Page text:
The history of business is marked by innovations meant to reduce the dependency on salespeople.

In the medieval era, when traveling peddlers risked robbery and murder on lonely roads, enterprising souls hosted fairs as a way of drawing customers to a central (and presumably safer) location. But those oh-so-convenient fairs also rendered it more difficult for your average peddler to make a living, if he insisted on sticking with his travel circuit.

Centuries later, the rise of mail-order catalogs—and then e-commerce—ended the careers of many a traveling salesperson. (Willy Loman never stood a chance, in any case.)

And now, in the first years of the 21st century, a combination of Big Data, predictive analytics and social networking might make salespeople (at least as we know them) obsolete once and for all. Traditionally, salespeople identify potential prospects and induce them into consuming a particular item or service. As social networking evolves, it’s become a lot easier to apply analytics software to the treasure trove of Big Data repositories in a way that not only improves the identification of potential customers, but also what the latter will actually buy.

As a result of that, marketing organizations (which have an affinity for analytics software) are not only taking over the task of identifying potential prospects; they’ve become more adept at identifying which customers are likely to buy or upgrade a product or service at any given point in time. Marketing organizations then pass on the data to customer service representatives, rather than salespeople.

According to Esteban Kolsky, principal and founder of the market research firm ThinkJar, the end result of that shift is marketing and customer service quickly taking over more of the responsibilities traditionally handled by salespeople, sharply reducing the latter’s numbers.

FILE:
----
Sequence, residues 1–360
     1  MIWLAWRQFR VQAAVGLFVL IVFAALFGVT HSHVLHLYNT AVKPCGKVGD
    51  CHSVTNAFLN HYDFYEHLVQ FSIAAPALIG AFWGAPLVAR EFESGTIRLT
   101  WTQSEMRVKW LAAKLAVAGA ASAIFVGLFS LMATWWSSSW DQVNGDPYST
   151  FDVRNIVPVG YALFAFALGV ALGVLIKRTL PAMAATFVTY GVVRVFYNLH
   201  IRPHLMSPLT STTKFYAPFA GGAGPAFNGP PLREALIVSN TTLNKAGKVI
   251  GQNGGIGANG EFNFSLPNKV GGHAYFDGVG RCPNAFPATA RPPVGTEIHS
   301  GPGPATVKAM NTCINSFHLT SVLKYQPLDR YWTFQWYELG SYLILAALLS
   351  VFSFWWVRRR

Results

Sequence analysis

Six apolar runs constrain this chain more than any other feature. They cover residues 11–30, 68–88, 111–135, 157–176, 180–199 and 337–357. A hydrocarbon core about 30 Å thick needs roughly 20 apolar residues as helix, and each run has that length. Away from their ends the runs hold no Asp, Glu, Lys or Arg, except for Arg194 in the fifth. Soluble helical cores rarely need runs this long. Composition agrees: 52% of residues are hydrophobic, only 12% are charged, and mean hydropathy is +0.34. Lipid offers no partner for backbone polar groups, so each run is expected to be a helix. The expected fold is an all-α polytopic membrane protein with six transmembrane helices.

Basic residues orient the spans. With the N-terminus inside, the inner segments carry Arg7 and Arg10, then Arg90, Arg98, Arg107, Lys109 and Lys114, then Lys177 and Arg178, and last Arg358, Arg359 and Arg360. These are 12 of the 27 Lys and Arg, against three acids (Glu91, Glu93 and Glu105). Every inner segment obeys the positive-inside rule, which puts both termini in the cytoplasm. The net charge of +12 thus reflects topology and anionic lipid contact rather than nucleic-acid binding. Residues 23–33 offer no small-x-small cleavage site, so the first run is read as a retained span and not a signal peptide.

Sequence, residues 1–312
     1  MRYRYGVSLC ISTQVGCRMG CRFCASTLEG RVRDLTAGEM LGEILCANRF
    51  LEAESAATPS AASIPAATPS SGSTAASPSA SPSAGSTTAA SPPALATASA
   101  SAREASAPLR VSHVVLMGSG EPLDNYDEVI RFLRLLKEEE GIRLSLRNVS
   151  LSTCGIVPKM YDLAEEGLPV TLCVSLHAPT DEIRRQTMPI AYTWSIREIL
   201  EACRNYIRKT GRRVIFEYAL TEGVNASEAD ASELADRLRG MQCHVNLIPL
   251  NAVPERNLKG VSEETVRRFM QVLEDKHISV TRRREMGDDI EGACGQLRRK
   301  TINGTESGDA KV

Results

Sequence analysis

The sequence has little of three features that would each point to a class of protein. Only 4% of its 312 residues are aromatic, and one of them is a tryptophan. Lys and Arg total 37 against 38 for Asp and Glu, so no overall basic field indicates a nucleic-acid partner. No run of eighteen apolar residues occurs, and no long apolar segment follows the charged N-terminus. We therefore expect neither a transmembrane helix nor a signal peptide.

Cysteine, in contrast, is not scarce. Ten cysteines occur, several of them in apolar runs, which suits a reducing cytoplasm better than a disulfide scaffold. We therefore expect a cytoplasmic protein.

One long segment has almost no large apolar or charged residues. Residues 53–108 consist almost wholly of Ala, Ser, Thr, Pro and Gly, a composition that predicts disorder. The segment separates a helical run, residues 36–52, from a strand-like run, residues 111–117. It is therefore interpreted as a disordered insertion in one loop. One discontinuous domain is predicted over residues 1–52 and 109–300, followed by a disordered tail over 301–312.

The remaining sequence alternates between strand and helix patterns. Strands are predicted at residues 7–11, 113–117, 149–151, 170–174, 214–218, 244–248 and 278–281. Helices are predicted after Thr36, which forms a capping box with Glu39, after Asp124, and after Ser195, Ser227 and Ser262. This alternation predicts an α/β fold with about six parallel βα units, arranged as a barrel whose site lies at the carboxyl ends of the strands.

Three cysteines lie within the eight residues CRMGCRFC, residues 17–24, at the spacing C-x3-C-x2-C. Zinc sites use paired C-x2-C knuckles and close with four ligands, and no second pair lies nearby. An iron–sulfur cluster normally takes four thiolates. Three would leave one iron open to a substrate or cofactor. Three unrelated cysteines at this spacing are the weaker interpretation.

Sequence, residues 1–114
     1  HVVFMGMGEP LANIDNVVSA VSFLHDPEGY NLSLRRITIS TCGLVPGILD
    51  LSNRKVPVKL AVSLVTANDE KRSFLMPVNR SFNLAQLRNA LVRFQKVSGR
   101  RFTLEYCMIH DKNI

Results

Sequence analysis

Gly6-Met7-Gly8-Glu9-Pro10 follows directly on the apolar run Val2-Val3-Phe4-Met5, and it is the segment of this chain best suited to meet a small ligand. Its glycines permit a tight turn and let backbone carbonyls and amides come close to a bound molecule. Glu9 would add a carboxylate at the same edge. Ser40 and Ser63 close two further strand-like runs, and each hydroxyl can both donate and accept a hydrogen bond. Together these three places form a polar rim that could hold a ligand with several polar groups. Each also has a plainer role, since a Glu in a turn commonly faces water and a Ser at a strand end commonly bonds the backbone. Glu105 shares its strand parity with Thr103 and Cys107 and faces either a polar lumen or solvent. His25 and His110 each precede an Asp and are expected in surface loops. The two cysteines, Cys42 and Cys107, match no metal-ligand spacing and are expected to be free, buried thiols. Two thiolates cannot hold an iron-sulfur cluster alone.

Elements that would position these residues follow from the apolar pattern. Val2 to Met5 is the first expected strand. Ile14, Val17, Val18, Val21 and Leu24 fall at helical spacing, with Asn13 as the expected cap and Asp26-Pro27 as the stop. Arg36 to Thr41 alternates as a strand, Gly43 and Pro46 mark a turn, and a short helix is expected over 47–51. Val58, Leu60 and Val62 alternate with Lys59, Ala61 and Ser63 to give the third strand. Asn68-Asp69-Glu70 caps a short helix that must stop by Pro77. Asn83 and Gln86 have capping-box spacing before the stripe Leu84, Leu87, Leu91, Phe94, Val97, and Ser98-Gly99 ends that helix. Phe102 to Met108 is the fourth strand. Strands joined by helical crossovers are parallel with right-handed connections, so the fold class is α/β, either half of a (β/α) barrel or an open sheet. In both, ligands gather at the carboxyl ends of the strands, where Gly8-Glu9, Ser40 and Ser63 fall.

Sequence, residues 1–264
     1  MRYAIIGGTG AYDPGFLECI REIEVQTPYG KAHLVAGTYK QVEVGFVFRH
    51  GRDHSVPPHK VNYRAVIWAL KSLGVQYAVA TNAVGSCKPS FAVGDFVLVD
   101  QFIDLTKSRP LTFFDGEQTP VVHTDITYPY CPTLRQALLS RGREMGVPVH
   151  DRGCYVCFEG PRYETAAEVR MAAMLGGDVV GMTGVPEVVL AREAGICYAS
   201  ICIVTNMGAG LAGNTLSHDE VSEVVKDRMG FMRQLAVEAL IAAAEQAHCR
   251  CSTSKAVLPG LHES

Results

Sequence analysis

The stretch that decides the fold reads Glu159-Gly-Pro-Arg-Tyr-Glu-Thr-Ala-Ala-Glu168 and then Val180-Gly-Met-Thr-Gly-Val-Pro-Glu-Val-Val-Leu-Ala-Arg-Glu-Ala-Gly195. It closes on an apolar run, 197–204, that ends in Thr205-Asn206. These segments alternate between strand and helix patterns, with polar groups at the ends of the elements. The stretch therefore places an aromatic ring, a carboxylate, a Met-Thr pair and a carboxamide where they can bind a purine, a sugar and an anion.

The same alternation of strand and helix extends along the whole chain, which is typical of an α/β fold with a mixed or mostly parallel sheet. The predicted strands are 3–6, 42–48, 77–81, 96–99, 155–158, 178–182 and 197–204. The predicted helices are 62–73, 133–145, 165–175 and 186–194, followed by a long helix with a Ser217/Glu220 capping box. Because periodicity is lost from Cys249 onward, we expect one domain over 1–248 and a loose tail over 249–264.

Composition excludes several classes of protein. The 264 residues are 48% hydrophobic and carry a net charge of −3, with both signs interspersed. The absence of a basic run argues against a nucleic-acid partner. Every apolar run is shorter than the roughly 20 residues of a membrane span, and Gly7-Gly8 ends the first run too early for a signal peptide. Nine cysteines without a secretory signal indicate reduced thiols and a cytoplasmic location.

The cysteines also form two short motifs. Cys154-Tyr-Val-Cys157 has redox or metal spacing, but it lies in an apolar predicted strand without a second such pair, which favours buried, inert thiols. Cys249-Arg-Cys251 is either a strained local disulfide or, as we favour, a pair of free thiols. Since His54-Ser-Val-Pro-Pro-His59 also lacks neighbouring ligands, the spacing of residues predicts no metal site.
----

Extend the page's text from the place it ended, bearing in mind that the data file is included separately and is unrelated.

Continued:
Vinay Iyer, vice president of global marketing at SAP, takes that proposition one step further by suggesting that, at some point soon, the need for salespeople could disappear entirely: “As predictive analytics gets better, the whole lead generation process will be transformed.”

To help facilitate the transformation, SAP will soon release SAP Account Intelligence, an application that analyzes internal and external data about customers in real time using the SAP High Performance Analytics Appliance (HANA) in-memory computing platform as a cloud computing service.

SAP Account Intelligence allows companies to aggregate all customer information inside one data source, which the user can leverage (via automated recommendation engines) to determine what goods and services that customer will need next. Applications such as SAP Account Intelligence herald a new era of customer experience management that will redefine business roles across the entire organization.

Jeremiah Owyang, an analyst at the Altimeter Group, thinks the transformation will take some time to play out, but that eventually the shifting of responsibilities will concentrate more power in the hands of companies’ chief marketing officer. It could very well spark the fundamental restructuring of business operations as marketing, sales and customer service functions continue to converge.

“The rules are changing as companies embrace more strategic approaches to managing customers,” he said.

Furthermore, companies are becoming more adept at leveraging social media and other sources of data to create “social graphs” that not only identify all the relevant decision-makers within an organization, but also their interests and locations—and ultimately the best “moment of opportunity” to reach out to them. That information, Owyang added, is utilized to create relationships with potential customers that have much more context than most salespeople, trying to drive a specific transaction, could ever possess.

Larry Augustin, CEO of SugarCRM, a provider of open source customer relationship management (CRM) software, believes it’s already pretty clear that CRM software is necessarily evolving into applications that aggregate all the information related to managing the customer experience. “CRM will evolve into an application category that will go way beyond being a tool for managing the sales staff,” he said.

Of course, the transformational pace depends on the rate at which marketers in various vertical industries become more IT savvy, as well as how closely they can work with their IT colleagues. That aside, new IT tools will surely alter the way sales are both conducted and managed. The only question is whether the Willy Lomans of the world will resist the shift, and for how long.

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